There have many days when I've chosen to fight adoption battles alone. I'm a type A lady: organized, determined, persistent, relentless, passionate. Asking for help isn't one of my strengths. As a former college teacher, I had no tolerance for excuses. I'm a pull-yourself-up-by-your-bootstraps kind of girl.
But going at it alone hardly ever works. I guess that why someone wise once noted that "It takes a village."
There have been numerous encounters over the past seven years in my transracial adoption parenting journey where I've had to remind myself that I can't -- nor should I have to -- tackle adoptive, transracial parenting, or simply parenting, alone. Parenting is often quite messy. I'm not meant to be, nor am I equipped to be, my children's one-and-only. There are wise, caring, and experienced people out there, in particular, Black women who are mothers, grandmothers, and aunts. They speak truth, exude wisdom, and offer hope. There is my girl's mentor, the young woman who for three years has poured energy, and time, and confidence into my daughters. There's the girls' hair braider, a mother and entrepreneur who nurtures my daughters while making their hair beautiful (while also mentoring me).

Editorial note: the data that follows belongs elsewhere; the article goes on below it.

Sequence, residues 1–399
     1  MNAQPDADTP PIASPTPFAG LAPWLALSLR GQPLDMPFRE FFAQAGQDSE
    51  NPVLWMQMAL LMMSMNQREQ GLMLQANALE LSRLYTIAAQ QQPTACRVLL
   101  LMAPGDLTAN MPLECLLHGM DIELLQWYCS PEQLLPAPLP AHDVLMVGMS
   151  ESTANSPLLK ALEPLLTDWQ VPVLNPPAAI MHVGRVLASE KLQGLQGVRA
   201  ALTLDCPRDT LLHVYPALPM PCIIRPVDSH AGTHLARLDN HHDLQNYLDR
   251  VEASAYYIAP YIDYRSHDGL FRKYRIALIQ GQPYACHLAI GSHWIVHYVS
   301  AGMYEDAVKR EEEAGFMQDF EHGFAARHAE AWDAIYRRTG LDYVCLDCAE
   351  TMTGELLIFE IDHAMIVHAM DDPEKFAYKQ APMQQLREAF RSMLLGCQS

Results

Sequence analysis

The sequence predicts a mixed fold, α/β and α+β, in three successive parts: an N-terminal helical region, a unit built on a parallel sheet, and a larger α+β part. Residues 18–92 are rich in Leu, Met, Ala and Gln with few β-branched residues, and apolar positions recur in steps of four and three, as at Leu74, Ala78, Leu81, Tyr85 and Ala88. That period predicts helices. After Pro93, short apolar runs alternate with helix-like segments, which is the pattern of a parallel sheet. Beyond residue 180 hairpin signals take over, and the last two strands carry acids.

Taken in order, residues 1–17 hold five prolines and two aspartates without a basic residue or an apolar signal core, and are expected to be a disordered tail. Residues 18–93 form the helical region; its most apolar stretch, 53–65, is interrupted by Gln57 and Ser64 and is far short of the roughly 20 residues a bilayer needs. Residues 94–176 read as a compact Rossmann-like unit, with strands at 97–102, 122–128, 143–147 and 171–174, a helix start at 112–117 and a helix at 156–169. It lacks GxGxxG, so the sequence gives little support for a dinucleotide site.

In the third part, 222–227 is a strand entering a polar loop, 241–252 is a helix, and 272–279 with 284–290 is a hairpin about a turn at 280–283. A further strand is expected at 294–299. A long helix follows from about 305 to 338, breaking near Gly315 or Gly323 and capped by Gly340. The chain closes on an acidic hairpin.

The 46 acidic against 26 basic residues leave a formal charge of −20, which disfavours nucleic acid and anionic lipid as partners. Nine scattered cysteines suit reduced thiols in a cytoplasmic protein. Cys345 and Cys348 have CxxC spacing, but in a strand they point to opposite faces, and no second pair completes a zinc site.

C.S. Lewis said, "True humility is not thinking less of yourself; it is thinking of yourself less." Nothing has taught me how to be more confident, and simultaneously more humble, than adopting my children. And listening to and learning from Black women has been such an honor and a privilege, one that I'm thankful for every day.
This piece was modified from when it originally appeared on the 2014 Portrait of Adoption series, created by Carrie Goldman.http://www.chicagonow.com/portrait-of-an-adoption/2014/11/transracial-adoption-eating-humble-pie-without-dropping-crumbs/